John Maynard Keynes, mastermind and namesake of Keynesian economics

Thatcher’s social policies contributed to her stranglehold on British politics, but is of less relative importance to Labour weaknesses.  While her business-minded reforms to key services were necessary and beneficial, they would have been met with uproar had a genuine alternative been offered by a strong Labour party.  The business principles applied to the NHS; hospitals became self governing NHS trusts, NHS services competed with each other and GPs became fund-holders, injected some much needed financial discipline into the swollen, bureaucratic NHS administration, it represented the first stage in the privatisation of the NHS for many people.  While Labour argued that business principles geared towards profit rather than patient care were unsuitable for a public service, it was unable to damage the Tories as their inefficient, over-manned organisation was discredited as a functional alternative.  This was because of chronic overspending and disasters such as the Birmingham children hospital conundrum.   Her changes to universities were similarly controversial.  She cut university budgets, forcing them to find alternate sources of revenue, thereby increasing tuition fees, stripped some academics of their security of tenure and abolished polytechnic centres.  These two changes marked a major shift, and ran contrary to the Socialist principles contained within Labour’s Clause IV.  However, their view was so entirely disbelieved that Thatcher’s policy was regarded as the only logical option, despite the protest by many elements of the political left.   While the opponents to some of her social policies were unable to voice their disdain through an effective Labour Party, they had no answer to her brilliant education and housing policies.  Her reformation of secondary schools made them more equal; hitherto, CSE students were disregarded by employers, there was no control over the content taught in school and schools often ran grossly over-budget.  This was mitigated by Thatcher’s GCSE, National Curriculum and self-budgeting schools.  This benefitted much of the working class and middle classes in equal measure, thus reinforcing her existing support base and making inroads into traditional Labour strongholds.  This was enhanced by her option of council house purchase.  This would reward hard working and self-reliant members of the working class. This gave the impression that the Tories were the party for wealth creators and Labour was merely the backward-thinking redistributive party of the stagnant 1970s.  While this is important as Thatcher acquired many new bases of support, it was not as significant as Labour unelectability.  Had Labour been a functioning political entity with viable alternatives, it would have punished the Tories for some of their seemingly dubious policies, however, these were glossed over as the electorate had no real choice and Thatcher was able to implement the entirety of her fantastic social polices rather than being ground down in ideological debate.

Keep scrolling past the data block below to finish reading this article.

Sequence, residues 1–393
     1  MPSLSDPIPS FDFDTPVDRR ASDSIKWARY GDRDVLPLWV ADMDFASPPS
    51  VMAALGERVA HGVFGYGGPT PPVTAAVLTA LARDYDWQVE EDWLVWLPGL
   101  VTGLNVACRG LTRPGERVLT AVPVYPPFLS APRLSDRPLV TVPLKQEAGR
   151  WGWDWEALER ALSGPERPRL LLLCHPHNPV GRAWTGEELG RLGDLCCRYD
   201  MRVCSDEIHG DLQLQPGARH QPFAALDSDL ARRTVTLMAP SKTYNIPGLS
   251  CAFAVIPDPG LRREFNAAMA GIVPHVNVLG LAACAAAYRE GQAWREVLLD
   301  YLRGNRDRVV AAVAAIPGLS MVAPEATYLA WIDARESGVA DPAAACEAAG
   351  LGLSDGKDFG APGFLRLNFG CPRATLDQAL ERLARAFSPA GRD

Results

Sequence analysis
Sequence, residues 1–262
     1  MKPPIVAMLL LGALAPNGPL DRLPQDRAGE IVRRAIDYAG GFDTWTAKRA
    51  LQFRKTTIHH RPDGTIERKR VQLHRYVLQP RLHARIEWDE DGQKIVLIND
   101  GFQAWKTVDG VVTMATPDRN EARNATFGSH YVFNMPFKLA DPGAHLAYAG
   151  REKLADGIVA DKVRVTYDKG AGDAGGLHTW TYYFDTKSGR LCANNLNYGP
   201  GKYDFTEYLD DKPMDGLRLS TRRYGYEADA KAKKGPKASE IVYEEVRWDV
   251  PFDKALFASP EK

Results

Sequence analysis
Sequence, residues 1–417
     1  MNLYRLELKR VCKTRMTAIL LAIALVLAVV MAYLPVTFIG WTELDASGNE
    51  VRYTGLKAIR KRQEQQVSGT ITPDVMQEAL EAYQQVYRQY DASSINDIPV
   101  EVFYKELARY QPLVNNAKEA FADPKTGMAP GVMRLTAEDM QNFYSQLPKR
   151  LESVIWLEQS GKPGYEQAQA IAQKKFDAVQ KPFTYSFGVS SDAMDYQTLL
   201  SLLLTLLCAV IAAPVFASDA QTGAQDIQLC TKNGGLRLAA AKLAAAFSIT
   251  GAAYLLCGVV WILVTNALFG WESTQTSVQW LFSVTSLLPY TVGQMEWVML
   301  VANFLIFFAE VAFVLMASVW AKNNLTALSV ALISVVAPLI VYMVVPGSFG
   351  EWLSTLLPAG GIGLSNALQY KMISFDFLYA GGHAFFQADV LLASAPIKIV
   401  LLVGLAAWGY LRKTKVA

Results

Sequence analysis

Thatcher's education reforms were met with resistance by some 

To conclude, the weakness of Labour was a factor that underlay all of the Tory electoral and policy victories throughout the 1980s.   It allowed for the implementation of Thatcher’s ground-breaking neo-liberal economic and social policies despite their initial hardships.  These policies include a painful transition to tandem with market forces. Had Labour not been in disarray, their deflationary measures, would have resulted in ousting.  Until these policies had taken full effect by the mid-80s, Thatcher was unable to win elections based on her own proven merit, but this was not a problem due to Labour’s inability to realistically compete until 1987.  Without the crucial Labour weaknesses, the Tories would not have implemented their fantastic social and economic policies to their full extent without the safety net provided by a backward-looking Labour.